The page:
Cyprus Mail
Business Cyprus

Over 3,600 foreclosure applications filed at land registry

By George Psyllides

OVER 3,600 foreclosure applications have been filed at the land registry, a senior official said on Friday, with the huge majority coming from banks.

Deputy land registry director Vasos Petrides said the department had received 3,639 applications, mainly from banks, which could soon be able to activate the procedure themselves.

Petrides said legislation was in the pipeline that would also allow banks to start the procedure themselves, sell the properties, and then allocate the proceeds to cover the debtors’ obligations.

“It would be up to the bank to choose one of the two procedures,” Petrides told the Cyprus News Agency.

Petrides said he expected banks to choose to handle the procedure alone, thinking it would be faster.

However, he added, delays were also possible in this case if the debtor secured a court order suspending the procedure – a usual phenomenon in the cases handled by the land registry.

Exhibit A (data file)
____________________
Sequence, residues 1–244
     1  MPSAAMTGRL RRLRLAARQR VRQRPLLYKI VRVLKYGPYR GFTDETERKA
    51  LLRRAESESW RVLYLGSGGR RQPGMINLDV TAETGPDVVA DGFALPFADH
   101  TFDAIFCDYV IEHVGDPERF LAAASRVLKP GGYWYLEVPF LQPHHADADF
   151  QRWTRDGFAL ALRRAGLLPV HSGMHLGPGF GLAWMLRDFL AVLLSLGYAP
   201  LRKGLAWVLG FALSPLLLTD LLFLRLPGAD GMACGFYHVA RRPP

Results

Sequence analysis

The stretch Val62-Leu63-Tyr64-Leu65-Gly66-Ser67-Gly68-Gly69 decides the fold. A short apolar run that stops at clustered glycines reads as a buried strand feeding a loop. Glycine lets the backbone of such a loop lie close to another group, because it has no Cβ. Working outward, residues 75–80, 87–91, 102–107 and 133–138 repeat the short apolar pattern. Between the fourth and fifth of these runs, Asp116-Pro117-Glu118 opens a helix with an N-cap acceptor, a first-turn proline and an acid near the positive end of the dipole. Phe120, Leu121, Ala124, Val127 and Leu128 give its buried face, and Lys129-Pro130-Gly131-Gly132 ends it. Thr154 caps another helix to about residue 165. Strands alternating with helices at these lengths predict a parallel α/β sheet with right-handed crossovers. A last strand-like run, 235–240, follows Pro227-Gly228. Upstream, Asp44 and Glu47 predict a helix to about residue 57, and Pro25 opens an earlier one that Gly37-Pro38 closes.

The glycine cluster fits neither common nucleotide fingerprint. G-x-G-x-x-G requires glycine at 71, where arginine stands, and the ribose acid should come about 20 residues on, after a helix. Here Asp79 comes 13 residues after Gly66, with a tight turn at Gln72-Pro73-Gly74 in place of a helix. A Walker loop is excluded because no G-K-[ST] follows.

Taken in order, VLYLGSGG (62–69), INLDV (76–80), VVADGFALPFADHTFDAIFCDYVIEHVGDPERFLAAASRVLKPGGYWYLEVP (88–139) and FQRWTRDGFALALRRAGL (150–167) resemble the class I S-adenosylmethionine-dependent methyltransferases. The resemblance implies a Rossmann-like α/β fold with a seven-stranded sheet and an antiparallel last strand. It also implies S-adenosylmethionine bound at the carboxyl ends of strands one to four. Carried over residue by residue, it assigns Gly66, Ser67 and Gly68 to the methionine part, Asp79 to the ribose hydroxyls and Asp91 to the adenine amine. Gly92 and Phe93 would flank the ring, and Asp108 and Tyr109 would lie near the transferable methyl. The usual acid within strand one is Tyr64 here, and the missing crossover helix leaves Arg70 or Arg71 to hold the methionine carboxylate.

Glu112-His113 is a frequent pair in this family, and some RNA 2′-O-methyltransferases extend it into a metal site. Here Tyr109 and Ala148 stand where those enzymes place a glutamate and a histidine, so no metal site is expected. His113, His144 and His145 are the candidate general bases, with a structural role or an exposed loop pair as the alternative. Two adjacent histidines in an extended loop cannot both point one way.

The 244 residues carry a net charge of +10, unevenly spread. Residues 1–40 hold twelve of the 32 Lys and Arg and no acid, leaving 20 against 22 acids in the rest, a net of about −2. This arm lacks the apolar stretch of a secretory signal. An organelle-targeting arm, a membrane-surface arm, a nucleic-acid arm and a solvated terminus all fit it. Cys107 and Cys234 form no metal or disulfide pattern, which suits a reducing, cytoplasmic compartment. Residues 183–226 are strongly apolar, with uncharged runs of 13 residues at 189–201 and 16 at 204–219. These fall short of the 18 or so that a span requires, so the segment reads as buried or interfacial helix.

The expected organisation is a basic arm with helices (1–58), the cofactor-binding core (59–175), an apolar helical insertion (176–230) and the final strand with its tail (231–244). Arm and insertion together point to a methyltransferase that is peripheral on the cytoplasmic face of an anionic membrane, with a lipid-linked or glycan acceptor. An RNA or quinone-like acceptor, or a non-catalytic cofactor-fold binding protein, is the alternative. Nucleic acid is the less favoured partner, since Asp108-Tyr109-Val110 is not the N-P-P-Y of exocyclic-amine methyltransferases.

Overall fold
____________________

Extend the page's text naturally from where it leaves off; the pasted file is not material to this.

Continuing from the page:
“It is a time consuming procedure, repetitive, and this is why these cases cannot be completed,” Petrides said.

Lawmakers have been discussing a joint AKEL-EDEK bill aiming to protect primary residences and the premises of small businesses that are unable to repay their mortgage, by allowing court-mandated suspensions of repayment for a fixed term.

While small businesses eligible to apply for protection under the proposed bill are capped at employing up to 10 people and with a €2 million maximum turnover, no such cap is being considered for eligibility based on home value.

The reason, according to sources, is that such a provision would likely raise discrimination issues.

The finance ministry has said that it was working on broader-scoped bill as part of the bailout-mandated adjustment programme.

The finance ministry agrees with the Central Bank of Cyprus, and the banks association, that lenders cannot be asked to subsidise insolvent borrowers and that the committee proposals created the risk of moral hazard.

“Borrowers that may or may not face crisis-related solvency issues would likely inundate the courts with requests to suspend repayment,” a spokesman from the banks association has said.

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